Coloring your footage used to be a thing you would hand off to a dedicated colorist and for good reason - colorists can make a huge difference in the way your film looks as they are masters at understanding and manipulating luminance and color.
Not every project can afford to bring on a colorist which is a shame - with a lot of filmmakers shooting log and raw footage from their digital cameras, there is definitely color work needed in post.
I have personally struggled with color for years. I taught myself to color correct an image but creating a look for a film or having all my shots across a film look consistent was hard and at times frustrating. Working on short turnarounds probably didn't help any.
When the whole LUT thing started, I saw it as a solution to my problem. I would color correct all my footage, trying hard to get everything to match, then start sifting through LUTS to see which would look best only to find that the one I liked looked great with some shots, okay with a few, and terrible with others. (Does this sound familiar?)
Don't get me wrong - LUT's are cool. I use a C-Log to Rec.709 LUT to get my grade going if I'm finishing in Premiere. I like to see how LUT's affect my image, but in order for me to become a better filmmaker, I decided it was time to really start to understand color. I've spent the last six months studying Davinci Resolve as well as studying the principles of color. I have a long way to go, but here are some resources that are helping me create footage that looks better:
FilmSimplified - http://filmsimplified.com/
On sale during the Christmas season, I purchased the Davinci Color Grading Simplified course which served as a great introduction to understanding DaVinci Resolve. The lessons are simple and short, and quickly detail how to work in the Color Tab of Davinci Resolve.
After viewing these lessons and practicing, I was able to take my C-Log footage shot with my C100 Mark II and start to grade a series of images from scratch - no LUTS. I started to get better at quickly correcting a shot and being able to start to match the looks of different shots.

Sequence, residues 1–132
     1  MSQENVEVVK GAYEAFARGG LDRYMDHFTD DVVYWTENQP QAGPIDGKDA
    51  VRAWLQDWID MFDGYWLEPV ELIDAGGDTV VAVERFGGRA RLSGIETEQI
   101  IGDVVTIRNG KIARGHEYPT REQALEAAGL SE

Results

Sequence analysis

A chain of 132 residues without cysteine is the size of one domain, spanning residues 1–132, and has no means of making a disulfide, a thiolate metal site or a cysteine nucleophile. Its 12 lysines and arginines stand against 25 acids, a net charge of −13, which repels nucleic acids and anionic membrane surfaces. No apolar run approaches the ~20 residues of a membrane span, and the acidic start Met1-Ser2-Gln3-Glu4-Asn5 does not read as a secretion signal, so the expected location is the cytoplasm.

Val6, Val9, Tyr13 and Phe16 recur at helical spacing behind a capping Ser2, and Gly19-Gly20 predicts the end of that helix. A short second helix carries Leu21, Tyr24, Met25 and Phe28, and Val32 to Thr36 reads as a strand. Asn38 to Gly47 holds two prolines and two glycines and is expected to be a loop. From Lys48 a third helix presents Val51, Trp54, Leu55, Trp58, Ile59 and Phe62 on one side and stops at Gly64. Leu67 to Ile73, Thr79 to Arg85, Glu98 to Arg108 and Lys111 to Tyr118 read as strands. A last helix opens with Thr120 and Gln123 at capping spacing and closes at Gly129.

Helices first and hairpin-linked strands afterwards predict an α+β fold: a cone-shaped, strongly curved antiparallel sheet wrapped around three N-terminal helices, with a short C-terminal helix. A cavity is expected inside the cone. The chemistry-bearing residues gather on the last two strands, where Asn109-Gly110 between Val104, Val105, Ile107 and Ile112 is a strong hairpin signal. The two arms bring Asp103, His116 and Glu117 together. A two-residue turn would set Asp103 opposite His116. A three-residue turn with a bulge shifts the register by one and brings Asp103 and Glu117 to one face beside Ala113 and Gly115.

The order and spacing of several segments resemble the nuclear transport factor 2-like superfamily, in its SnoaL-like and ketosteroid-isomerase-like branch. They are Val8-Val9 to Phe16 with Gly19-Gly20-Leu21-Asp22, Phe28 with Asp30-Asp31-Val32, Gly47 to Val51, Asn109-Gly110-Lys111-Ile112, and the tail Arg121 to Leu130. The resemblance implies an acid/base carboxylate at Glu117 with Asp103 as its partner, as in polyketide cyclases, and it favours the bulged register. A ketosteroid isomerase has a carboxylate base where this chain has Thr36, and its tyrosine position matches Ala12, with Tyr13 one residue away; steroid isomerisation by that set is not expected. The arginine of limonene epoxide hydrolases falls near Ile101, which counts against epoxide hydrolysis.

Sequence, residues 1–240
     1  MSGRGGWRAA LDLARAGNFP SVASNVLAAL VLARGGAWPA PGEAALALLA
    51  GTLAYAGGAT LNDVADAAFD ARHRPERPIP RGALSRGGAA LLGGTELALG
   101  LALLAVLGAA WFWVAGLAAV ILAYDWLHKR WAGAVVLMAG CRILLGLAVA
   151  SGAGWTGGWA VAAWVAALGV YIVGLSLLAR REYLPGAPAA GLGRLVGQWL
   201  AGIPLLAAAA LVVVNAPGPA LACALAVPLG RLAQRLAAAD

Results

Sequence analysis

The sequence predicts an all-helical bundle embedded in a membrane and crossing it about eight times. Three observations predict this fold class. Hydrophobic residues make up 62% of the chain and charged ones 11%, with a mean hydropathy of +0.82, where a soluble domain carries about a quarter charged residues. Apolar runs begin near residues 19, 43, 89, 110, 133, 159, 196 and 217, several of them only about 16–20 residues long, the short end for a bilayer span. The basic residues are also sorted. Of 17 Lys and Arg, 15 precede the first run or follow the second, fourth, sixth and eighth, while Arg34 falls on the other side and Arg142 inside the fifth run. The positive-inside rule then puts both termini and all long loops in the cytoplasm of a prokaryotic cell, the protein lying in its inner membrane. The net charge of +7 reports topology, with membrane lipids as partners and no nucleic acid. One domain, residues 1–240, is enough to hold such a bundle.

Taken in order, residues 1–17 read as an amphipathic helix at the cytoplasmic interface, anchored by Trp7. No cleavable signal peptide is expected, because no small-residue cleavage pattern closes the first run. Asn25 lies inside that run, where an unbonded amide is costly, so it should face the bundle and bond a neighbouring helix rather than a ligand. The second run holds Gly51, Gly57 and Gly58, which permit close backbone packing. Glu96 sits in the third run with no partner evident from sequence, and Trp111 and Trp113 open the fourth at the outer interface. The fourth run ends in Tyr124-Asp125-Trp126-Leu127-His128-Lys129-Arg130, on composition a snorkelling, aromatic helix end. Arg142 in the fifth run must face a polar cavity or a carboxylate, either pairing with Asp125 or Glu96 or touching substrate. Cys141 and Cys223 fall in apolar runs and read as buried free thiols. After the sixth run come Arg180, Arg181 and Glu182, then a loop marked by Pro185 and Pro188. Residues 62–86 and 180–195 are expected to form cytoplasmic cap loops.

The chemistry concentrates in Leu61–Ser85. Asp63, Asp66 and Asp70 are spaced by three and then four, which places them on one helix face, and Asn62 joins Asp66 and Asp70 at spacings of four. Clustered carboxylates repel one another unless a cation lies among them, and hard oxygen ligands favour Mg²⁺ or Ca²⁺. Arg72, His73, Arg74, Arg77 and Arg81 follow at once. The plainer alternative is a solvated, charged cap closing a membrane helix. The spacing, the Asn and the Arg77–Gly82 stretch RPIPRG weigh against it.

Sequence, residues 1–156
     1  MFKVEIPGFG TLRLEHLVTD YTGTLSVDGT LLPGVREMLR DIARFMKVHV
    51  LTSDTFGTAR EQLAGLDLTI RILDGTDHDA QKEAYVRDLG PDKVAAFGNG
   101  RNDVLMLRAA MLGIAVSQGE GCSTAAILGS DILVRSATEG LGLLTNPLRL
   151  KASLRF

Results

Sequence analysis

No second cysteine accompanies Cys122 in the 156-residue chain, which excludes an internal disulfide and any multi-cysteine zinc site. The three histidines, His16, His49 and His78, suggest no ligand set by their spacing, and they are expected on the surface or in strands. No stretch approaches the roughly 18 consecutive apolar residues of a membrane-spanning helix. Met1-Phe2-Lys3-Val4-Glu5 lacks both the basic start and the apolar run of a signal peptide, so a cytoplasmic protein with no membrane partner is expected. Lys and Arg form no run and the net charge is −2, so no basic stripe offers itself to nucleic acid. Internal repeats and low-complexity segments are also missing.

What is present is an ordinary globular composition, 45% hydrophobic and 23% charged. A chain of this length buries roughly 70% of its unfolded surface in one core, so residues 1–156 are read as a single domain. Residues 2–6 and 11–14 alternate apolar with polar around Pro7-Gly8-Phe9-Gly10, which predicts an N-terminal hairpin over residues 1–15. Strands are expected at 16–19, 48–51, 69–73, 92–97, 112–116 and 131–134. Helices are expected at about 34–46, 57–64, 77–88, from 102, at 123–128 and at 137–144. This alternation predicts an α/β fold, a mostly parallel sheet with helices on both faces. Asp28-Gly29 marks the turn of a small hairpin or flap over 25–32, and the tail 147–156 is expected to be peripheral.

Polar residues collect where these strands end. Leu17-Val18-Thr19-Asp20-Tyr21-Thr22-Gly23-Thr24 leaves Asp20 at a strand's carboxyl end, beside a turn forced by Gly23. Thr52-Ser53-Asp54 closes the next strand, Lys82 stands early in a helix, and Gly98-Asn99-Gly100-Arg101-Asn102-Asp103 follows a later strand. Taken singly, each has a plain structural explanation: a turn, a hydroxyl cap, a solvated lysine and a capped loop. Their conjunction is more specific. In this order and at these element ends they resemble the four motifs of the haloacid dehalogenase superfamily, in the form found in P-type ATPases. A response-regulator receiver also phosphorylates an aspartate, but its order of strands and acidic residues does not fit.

I immediately began to realize how much more powerful Davinci is then grading in the Lumetri panel.
Matt Scott Visuals - http://mattscottvisuals.com/tutorials/
I've mentioned Matt Scott's blog in another post, but it's worth mentioning here. There are only two Davinci tutorial videos on this blog, but I think they are both excellent for both beginner and intermediate users of Resolve. Matt approaches color in a very logical way and hearing him break down his thought process helped me to think about my images in the same manner.
David Torvicia - https://www.youtube.com/user/davidtorcivia/videos
There are 11 tutorial videos on David's Youtube channel all about working with color in Resolve. They range from 10 minutes to over an hour long. David does some interesting work and talks a lot about the decision making and reasoning process a colorist uses to shape the images they work on. There is a lot more to color than pushing some buttons, moving some sliders, and loading some LUT's and David walks through a lot of videos and commercials he has worked on and why he made the color choices he did.
Goat's Eye View - https://www.youtube.com/channel/UC0xNsrzO-7vnWuCKwqgw2ng
This is a Youtube channel with over 100 tutorials that walk you through using Davinci Resolve 12 and 12.5. If you can't afford the Film Simplified course, then this is a great place to learn about Davinci for free and in bite sized chunks. Daria takes you not only through the color tab but also through the editing and importing sections of Resolve as well. The content on this channel keeps coming and at this point is more comprehensive than what you will learn in the Film Simplified course.
If you really like color, Blackmagic announced two super low cost interfaces for color grading with DaVinci Resolve - considering these typically cost about $30,000 and you can now get in the game for either $1,000 for the Micro Panel pictured or the Mini for $2995 I'd say that a lot more enthusiasts are about to start calling themselves colorists.
I have no idea how Blackmagic makes any money with these low price points but I'm not complaining.
Have a nice day and leave a fucking comment already.